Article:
The problem really is that the productive people who fund all this are starting to step aside. There have been 250,000 jobs lost due to the 50 employee cap on exclusion from mandated employer insurance. The businesses not started and not expanded because the extra work only went to taxes can’t be measured. Who wouldn’t want to simply enjoy life rather than work for free?

What to do? The money will run out. The haters who look at medical care as something they rightfully own will want to protect it like anyone would protect their property from thieves. These people must be appeased or they will become increasingly violent. Remember the so-called conservatives screaming, “Keep your hands off my Medicare!” a couple years ago? They thought it was theirs too.

Appeasement to me looks like continuing the socialist system for those who’ve planned their lives around it but advocacy of an insurance industry that only insures individuals and adjusts rates to reflect risk. Smokers, race car drivers, and Sumo wrestlers should pay what the insurance company offers or find a new lifestyle and pay less.

To blame high medical costs on free markets is to ignore the facts. That Jefferson guy said government will grow and liberty will shrink. A good first step would be to stop celebrating liberty that doesn’t exist, recognize the problem, and notice that immediate gratification is a sign of an uncivilized society. That is what single payer is. It is legalized theft that is not justified by wishful thinking.

Far From the Thundering Herd

Life was good at “The Dead End.” Louie and Joyce let Mike and Len and me live in this run down shack up Elk Creek from Heron, Montana for free. All we had to do was put plastic on the windows (since they were all broken), install a wood cook-stove and wood heater and find a couple buckets suitable for hauling water up from the creek.

Louie and Joyce had lived there while they built their house after moving from Los Angeles. Louie had a concrete contracting business there and saved enough to buy this little ranch in the Western Montana mountains, not far from Idaho.

It was high praise when Louie said, “you sure you’ve never done concrete work before?” as we finished the footing for his shed.

Coincidentally, Louie and Joyce had Angus cattle, just like Dawn and I do today. Their cows calved in the mountains and brought their calves down when the snow came. Here, we see our cattle every day. Louie even proposed to us that we build a hog confinement building. That’s as far as that went, but a strange sort of hint of things to come for me. The isolation from the hog disease pool would have been amazing. As it turned out, Dawn and my partnership with swine bought us our farm (with the help of three kids). I’ve tried to track Louie down to share where he helped guide me. But to no avail.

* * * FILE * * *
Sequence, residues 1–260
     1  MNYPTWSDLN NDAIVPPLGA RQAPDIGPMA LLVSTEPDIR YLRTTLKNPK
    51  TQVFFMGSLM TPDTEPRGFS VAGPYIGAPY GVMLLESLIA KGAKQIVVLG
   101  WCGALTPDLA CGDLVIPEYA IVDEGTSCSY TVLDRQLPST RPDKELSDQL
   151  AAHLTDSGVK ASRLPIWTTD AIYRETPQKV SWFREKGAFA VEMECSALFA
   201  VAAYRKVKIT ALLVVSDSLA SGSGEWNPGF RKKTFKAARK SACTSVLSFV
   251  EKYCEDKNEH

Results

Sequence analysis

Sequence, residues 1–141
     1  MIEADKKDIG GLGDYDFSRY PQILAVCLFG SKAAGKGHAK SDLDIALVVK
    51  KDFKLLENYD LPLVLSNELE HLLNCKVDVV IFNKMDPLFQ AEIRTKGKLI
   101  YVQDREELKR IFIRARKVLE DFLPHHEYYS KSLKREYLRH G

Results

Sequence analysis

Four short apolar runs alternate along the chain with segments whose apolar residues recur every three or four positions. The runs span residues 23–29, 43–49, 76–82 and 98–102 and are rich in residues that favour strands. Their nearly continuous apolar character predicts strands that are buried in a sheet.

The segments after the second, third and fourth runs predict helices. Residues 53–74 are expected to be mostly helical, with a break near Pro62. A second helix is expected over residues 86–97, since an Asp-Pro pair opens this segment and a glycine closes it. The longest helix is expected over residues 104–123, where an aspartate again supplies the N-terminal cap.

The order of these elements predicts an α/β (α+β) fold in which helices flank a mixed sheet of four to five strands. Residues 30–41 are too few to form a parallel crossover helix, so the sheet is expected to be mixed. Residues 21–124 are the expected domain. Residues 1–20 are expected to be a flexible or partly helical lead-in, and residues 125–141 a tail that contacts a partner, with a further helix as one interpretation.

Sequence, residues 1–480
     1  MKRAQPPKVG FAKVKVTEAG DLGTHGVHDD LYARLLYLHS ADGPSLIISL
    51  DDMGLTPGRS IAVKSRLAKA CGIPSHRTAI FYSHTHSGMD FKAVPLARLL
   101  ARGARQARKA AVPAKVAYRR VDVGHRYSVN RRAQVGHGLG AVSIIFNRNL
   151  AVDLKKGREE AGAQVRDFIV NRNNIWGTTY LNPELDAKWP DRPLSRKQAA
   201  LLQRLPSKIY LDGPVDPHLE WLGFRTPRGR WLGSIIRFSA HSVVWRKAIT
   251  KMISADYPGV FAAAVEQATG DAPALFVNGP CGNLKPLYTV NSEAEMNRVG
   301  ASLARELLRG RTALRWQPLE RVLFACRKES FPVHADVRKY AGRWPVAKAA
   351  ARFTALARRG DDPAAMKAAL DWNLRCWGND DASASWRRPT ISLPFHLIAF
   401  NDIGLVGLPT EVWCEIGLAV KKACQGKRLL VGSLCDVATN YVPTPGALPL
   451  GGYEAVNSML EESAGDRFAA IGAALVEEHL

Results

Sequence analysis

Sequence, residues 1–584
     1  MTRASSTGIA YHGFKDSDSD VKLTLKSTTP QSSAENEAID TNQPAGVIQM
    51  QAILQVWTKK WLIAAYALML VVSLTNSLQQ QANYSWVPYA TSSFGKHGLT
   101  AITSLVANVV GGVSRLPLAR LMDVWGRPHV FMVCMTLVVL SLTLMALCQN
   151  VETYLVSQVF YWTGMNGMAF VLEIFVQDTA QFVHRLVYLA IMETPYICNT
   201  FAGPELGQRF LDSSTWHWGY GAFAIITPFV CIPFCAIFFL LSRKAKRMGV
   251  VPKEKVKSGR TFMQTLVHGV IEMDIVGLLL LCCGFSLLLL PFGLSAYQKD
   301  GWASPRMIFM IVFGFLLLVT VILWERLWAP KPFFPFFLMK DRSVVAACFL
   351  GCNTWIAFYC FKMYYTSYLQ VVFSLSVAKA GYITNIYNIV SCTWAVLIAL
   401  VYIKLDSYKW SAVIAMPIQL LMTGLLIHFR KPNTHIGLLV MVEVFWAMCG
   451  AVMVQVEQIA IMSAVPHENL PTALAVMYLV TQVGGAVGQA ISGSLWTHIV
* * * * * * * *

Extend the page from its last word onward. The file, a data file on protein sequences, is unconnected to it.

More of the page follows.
As savings started to dwindle, a friend mentioned some good jobs were becoming available working for a helicopter logging company in Idaho. The money was real good and the work was hard, but like a sport; a sport that actually produces something worthwhile.

In an area that rivals Mississippi for low incomes, we were the rich folks. When the weather got cold I left the seat cushion out of my ’59 Bug so I could easily take the battery in the house for the night. Where we were, the moisture that made it past the Cascades was ours. Old timers said if we could see a fence post at Christmas, it was a drought. Fog was a problem too, for the chopper. But with momentum and chains I always made it to work in that Bug. I had it easy compared to the log truck drivers.

They didn’t need OSHA on those jobs. We simply wanted to live. On my first day of work, Lou Morgan (in his red and black checkered shirt and big black beard kinda like…) took my leather gloves and tossed them over the edge of the landing. They wouldn’t tear and your hand would stay in them and leave you if they got caught on something. He made me cut the hem off my jeans for the same reason. The plastic hardhat I got in Sandpoint was soon replaced by an aluminum one with a brim that would keep the rain off my neck. As I look back, I wish they had already found that EPA regulations and legislation could have kept my gloves dry and the rain off my neck. Science is so incredibly wonderful nowadays.

I was so fortunate to have that job working for Columbia Helicopters. The logs were moved out of the woods without tearing up the fragile soil. And we always got the cream because we logged places conventional loggers couldn’t access, like swamps and cliffs. Ironically, cliffs scare the heck out of me today.

If we were in town and saw a truck go by with only one or three logs on it, they came from us. I still see a long straight log as a thing of beauty. And my love for undisturbed soil may be rooted in that six-year career as well.

Then there were those nights in the peace and quiet of The Dead End with Len and Mike as we solved the troubles of the world and listened to the cracking fire.